About the Team

THE ROAD CREW:

“Blue Coyote” a.k.a. JoMarie Fecci

After more than 15 years focused on international conflicts and refugee issues, New York-based documentary filmmaker JoMarie Fecci is turning her attention back home with The Great American Roadtrip 2010.

As a photojournalist Fecci covered war and humanitarian crises worldwide. From 1998 through 2001, she focused on the Middle East where she was the first American journalist to spend significant time in Hezbollah-controlled southern Lebanon since the hostage-takings of the mid-1980s. She spent much of the 1990s covering the civil war in ex-Yugoslavia as well as conflicts in West Africa, Latin America and the Caucuses. She has also done extensive work covering the United Nations, the U.S. military, and the special operations forces of many other nations.

Then in 2001, Fecci began producing and directing her own documentaries. Her first film, PARIS CAFES: SOUL OF THE STREET, chronicled neighborhood life in Parisian cafes. A departure from her typical subject matter, the cafe film was Fecci’s response to the growing gentrification in the city she calls her second home.

Returning to familiar ground, Fecci documented the plight of a forgotten refugee community abandoned in the most desolate part of the Sahara over a two year period. As co-producer/co-director and cinematographer of WESTERN SAHARA, AFRICA’S LAST COLONY, she collaborated with Shantha Bloemen, to bring viewers the Sahrawis’ story of of sacrifice and courage in the face of international indifference.

In association with Isabelle Nikolic, she produced and directed JUSTICE FOR DARFUR, a documentary film that examines the quest for justice in the face of genocide in the Darfur region of Sudan.

Fecci has often been part of United Nations and international relief agencies’ humanitarian missions, most recently as a member of the Darfur Consortium’s mission to Sudan and Chad.

Fecci has her Master’s in Foreign Service, from Georgetown University’s Graduate School of Foreign Service.

“Cactus Killer” a.k.a. Isabelle Nikolic

Isabelle Nikolic has been teaching in some of the most difficult Paris suburbs for 10 years. Previously, she spent 15 years as a charge d’assistance for French assurance firms, responding to emergencies, translating and organizing emergency medical care and repatriations for travelers in trouble.

Languages have always been important to her. Nikolic speaks French, English, Serb, and a bit of Spanish. As a child of immigrants in France, she has been traveling her whole life. She would go regularly to Yugoslavia and Greece, by car, bus or train, via Italy, Switzerland, Germany and Austria. The trips were long, and often uncomfortable, but always worth while.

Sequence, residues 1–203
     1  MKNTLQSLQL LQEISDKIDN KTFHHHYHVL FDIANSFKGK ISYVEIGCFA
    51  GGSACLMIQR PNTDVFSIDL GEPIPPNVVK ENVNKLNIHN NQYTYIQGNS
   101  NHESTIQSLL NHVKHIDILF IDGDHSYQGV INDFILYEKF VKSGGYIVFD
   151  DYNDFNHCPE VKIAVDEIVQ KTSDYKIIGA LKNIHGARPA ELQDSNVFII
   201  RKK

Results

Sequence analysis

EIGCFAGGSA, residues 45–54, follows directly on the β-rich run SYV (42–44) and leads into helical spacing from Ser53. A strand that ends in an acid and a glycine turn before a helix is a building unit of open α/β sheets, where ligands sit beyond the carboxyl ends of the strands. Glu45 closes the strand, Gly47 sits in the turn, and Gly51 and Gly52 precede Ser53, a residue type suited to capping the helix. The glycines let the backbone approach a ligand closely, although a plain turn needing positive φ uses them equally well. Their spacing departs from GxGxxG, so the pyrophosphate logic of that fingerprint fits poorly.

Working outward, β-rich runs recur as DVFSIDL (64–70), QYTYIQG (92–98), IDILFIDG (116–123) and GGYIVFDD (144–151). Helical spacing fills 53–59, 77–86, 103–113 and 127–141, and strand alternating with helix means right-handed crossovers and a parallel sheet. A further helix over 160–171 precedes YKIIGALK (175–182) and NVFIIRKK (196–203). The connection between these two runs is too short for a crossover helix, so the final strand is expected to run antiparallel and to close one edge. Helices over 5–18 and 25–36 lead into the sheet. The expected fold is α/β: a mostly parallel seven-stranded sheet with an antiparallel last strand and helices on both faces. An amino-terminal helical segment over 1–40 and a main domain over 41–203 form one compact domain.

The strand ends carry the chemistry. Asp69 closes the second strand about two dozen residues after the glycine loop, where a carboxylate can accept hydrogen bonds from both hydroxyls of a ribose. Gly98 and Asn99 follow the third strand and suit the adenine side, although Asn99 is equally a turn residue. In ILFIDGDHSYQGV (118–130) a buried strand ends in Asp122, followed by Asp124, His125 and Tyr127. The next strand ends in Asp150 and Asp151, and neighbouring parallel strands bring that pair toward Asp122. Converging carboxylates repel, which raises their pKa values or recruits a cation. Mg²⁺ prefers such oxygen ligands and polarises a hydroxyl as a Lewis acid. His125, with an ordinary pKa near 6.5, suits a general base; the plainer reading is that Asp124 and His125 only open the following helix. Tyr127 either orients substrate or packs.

Voyaging far from her home in France remains a great pleasure — seeing and feeling the lives of others, learning to understand their perspective. She enjoys discovering the common points across cultures, but also appreciates exploring the differences.

As a university exchange student, Nikolic experienced the Soviet Union under Gorbachev in 1986-87, then returned to see how life was changing there as the Soviet period came to a close in 1992. That same year, she joined photojournalist JoMarie Fecci covering the Armenian-Azeri war in Nagorno Karabakh. And continued on to Uzbekistan and Kirghistan.

It was only afterwards, that Nikolic discovered the U.S.A, living in Manhattan, and some years later on suburban Long Island.

In 2006, Nikolic and Fecci again teamed up on a documentary film project, JUSTICE FOR DARFUR, shooting on location in Chad and Sudan.

For Nikolic, “The Great American Road Trip 2010,” represents “The Road,” Route 66, but it is also a larger discovery of the U.S.A. — an opportunity to get to know the country and the culture more deeply — to explore the historical and social dimensions of the nation. Route 66, the road that so many millions of men and women travelled to go West, in search of a “better life.” It is a road of hope — and opportunity — the “American Dream” that made it possible for so many to leave their homelands as immigrants to a new world. Nikolic is setting out on the journey with the hope of uncovering some of that history, but also, of experiencing the pull of the road firsthand.

“Silly Squirrel” a.k.a. Dimitri Nikolic

Dimitri Nikolic is a 12 year-old student at the International School of Sevres, France. He has been traveling regularly to the U.S.A. since age two, and spent a year living in New York where he attended a normal American public school. He speaks French, English and Serb.

Dimitri loves to travel and has already visited many countries including Russia, Serbia, Montenegro, Greece, Israel, Canada and the U.S.A. He is always ready for a road trip. And over the last few years he has developed a growing interest in photography.

One of Dimitri’s favorite things is camping in wilderness areas. He enjoys hiking in the woods, discovering nature, and photographing wildlife. He prefers the challenges of primitive tent camping, with only a bare minimum of modern conveniences, as it offers opportunities to build new skills and experience the natural world more closely. When on the road, Dimitri also enjoys visiting local attractions, museums, and the national parks and forests.

In 2008 Dimitri travelled to Moab, Utah (with his mother Isabelle Nikolic and family friend JoMarie Fecci), where he participated in a 3-day Jeep off-road adventure on the White Rim, followed by a canyoneering expedition, making his first rappels along the slickrock formations and down the Morning Glory Arch — one of the longest natural arches in the world.

Dimitri is very impatient to hit the road again, and is sure that Route 66 will be an even better trip than his all-time favorite, Moab.